By Ervin Stutzman
Every teacher of the law who has been instructed about the kingdom of God is like the owner of a house who brings out of his storeroom new treasures as well as old. – Jesus (Matthew 13:52)
Eternal truths will be neither true nor eternal unless they have fresh meaning for every new social situation. -Franklin D. Roosevelt
In mid-October, I spoke at Hesston Mennonite Church on a topic they had assigned to me. Since they were in a series called Stewarding God’s Kingdom, they asked me to speak on “Stewardship of a Spiritual Heritage.” The assignment goaded me into thinking about the ways that leaders are given the responsibility to carry on the spiritual legacy they have received.
Not that “heritage” and “legacy” are much appreciated as concepts these days. In our polarized political environment, “heritage” can imply an unbending commitment to conservative government. In our mad rush to technological innovation, “legacy” can imply irrelevant albatrosses that hang around our corporate necks. In spite of those associations, I hope to redeem these words in keeping with the rich meanings they have in scripture.
Reflecting on the spiritual heritage I have received, reminded me of my grandfather Noah’s axe. As a young boy, I worked for several days at his side, cleaning up brush in a shelterbelt of trees surrounding our house. I watched enthralled as he chopped up dead branches and tossed them onto a roaring fire. As we stood back to watch the flames consume the wood, he showed me his axe. “This axe,” he said with some pride, “once belonged to my grandfather. He passed it down to my father, who passed it down to me.”
He rubbed the handle with pride as he continued: “It’s gotten hard use. The handle had to be replaced twice. I think they replaced the head on it too. If you sharpen it often enough, it wears down to where you need a new one.”
Since that time, I’ve reflected on my grandfather’s words. “In what sense,” I’ve asked myself, “was my grandfather’s axe the same one that had once belonged to my great-great-grandfather?” Since it had a new head and a new handle, nothing from the original axe remained except perhaps the wedge, the piece which is most easily lost.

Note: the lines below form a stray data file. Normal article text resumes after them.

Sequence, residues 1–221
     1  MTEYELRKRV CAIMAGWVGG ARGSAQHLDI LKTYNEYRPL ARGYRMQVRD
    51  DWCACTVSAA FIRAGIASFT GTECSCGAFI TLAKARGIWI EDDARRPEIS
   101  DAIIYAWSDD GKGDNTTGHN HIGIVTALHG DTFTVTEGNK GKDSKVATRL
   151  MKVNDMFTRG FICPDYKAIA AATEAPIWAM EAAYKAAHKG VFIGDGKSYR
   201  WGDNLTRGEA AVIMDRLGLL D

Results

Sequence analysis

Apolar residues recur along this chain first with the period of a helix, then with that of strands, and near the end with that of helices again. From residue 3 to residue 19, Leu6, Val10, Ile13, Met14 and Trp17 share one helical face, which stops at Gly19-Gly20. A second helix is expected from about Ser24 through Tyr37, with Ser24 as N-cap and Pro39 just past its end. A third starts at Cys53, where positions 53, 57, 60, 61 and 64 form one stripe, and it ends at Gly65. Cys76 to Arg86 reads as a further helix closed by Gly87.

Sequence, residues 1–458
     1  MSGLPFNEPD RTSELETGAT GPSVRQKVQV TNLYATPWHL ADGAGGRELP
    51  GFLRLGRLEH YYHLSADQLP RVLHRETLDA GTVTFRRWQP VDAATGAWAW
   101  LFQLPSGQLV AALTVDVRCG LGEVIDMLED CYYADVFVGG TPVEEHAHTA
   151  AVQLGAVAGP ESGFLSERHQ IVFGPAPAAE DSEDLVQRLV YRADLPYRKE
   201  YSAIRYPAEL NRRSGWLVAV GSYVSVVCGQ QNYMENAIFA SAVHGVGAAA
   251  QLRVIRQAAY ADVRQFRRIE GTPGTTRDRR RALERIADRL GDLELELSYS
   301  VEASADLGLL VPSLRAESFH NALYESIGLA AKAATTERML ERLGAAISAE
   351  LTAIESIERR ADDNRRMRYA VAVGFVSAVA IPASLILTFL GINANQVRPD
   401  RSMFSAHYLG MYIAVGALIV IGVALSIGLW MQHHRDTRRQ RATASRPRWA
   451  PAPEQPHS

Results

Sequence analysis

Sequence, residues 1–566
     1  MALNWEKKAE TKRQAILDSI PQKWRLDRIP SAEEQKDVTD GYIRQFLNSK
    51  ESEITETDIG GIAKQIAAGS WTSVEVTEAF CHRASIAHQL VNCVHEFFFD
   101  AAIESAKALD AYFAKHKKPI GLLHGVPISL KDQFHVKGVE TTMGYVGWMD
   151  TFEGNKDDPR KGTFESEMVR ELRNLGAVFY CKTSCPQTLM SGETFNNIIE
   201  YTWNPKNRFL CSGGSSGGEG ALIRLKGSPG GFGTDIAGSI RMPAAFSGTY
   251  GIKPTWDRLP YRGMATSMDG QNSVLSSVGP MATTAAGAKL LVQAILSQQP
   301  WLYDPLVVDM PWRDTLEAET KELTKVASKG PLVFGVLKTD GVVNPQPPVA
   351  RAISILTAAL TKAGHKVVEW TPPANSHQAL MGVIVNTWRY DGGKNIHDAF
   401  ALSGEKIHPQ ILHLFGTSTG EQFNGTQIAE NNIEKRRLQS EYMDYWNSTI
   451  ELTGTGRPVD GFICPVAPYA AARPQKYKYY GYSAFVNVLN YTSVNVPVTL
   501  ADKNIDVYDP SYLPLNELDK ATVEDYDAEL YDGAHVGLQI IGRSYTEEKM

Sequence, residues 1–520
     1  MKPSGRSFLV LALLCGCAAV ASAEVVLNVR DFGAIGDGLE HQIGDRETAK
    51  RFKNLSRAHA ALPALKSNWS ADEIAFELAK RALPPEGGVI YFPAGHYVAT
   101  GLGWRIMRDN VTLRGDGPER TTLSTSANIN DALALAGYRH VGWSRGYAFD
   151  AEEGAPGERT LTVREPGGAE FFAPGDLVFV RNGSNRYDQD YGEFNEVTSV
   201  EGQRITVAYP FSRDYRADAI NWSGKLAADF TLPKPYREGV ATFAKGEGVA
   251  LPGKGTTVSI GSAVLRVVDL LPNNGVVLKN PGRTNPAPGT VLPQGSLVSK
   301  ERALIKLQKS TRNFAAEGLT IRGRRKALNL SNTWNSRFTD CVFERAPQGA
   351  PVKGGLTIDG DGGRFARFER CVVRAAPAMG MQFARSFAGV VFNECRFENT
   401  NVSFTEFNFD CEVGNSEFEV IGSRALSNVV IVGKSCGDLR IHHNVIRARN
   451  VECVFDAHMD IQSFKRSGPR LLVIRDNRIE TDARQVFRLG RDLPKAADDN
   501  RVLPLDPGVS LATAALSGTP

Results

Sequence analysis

In the years since this interaction with my grandfather, I’ve pondered many questions about identification and change. I understand now that my grandfather saw himself as a steward of that axe, bestowed as a gift from his ancestor. I was a beneficiary of that gift as he used it to clean up our yard. But the benefit of that axe was far greater than the physical work it performed. It also evoked a rich legacy of stories and wisdom from my grandfather as he put it to work. He reflected on the things he’d learned from his grandfather, doubtlessly hoping they’d have some effect on me.
In a way, that axe is like our church; many changes have take place in our church over the last century. I’ve reflected on the ways that Christian faith, beliefs, values, and practices are passed from one generation to another, particularly in the Anabaptist tradition, which has treasured its spiritual legacy but shunned written creeds. Each new era introduces a need for adaptation and change. So I invite you to reflect with me: How can we as leaders serve as faithful stewards of a spiritual heritage, passing on the rich legacy of gifts we have received from God through the Mennonite Church? I intend to share some perspective on that question over the next few months, and welcome you to share yours as well.